- Unless you know what you’re doing, you will run out of money in old age
- Currently their is nothing for it but to keep working, keep saving and hope that something you like better than an annuity comes along.
Why I like Charlotte Richards’ article (which you can read here) is that it tells us what we’ve long suspected. That there is no silver-bullet investment solution. She tells me that
The Lang Cat found that more than 70 per cent of adviser firms do not change their investment models to suit clients drawing income in their retirement.
I don’t think this is because advisers are lazy, or stupid but I think this is because they just don’t have to worry about their client’s cashflow planning. Most IFAs deal with the people who are so wealthy, they worry about things like higher rate tax when breaching their lifetime allowance and inheritance tax when they die with too much left over.
The sixth home truth
There is a sixth home truth, which isn’t for ordinary people but for the very clever people in the DWP, Treasury, FCA and tPR.
That truth is that – so far, Government has done nothing to help ordinary people define the ambition of their financial futures when reaching the time when they want to wind down.
For most people hand to mouth future beckons. It’s a future with no certainty of income, beyond their entitlement to the state pension, no retirement plan, no plan to face the uncertainties of failing health. The home truths are that we are currently on our own.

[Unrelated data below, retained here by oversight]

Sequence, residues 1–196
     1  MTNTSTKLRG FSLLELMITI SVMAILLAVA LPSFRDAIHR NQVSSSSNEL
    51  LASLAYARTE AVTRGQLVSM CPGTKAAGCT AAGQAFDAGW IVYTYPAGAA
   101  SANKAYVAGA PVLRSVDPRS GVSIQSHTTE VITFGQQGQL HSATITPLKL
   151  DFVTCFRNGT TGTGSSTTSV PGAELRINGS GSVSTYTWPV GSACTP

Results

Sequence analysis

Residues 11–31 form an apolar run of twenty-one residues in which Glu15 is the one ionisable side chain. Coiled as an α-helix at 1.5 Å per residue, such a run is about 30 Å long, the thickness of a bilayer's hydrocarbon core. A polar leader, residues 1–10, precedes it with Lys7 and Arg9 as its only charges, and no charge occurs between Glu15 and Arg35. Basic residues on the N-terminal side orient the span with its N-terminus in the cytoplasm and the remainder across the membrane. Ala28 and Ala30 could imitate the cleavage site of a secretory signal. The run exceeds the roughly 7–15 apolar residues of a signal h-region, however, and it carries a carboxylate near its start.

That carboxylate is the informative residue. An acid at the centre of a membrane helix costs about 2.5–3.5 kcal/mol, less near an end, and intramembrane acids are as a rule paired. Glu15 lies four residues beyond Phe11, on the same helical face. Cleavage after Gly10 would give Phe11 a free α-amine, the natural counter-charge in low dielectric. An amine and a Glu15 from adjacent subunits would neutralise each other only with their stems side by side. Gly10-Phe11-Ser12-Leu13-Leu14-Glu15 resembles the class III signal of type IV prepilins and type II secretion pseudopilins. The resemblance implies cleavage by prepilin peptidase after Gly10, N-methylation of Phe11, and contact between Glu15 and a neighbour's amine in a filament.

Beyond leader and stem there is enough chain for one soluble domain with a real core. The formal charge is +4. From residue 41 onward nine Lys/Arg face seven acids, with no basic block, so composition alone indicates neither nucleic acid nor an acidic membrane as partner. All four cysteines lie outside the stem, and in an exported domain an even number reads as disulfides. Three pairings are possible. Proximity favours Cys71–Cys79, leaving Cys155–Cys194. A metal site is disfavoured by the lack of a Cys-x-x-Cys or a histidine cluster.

The Government support mechanisms in place (MAPS) are inadequate, the choices from pension freedoms too complex and for most people there is no obvious plan B to “hand to mouth”.
For all the talk of dashboards and financial inclusion, we are really no further to replacing annuities as the default pension mechanism, than we were in 2014 when George Osborne told us we never need buy them again.
Three things we need in the next decade
- We need to free up financial information so that people can create retirement plans with the help of technology.
- We need to loosen the stranglehold on “advice” and encourage people to act on what their data tells them
- We need collective pensions that provide people with a wage in retirement and a degree of certainty in the face of the imponderables of growing really old.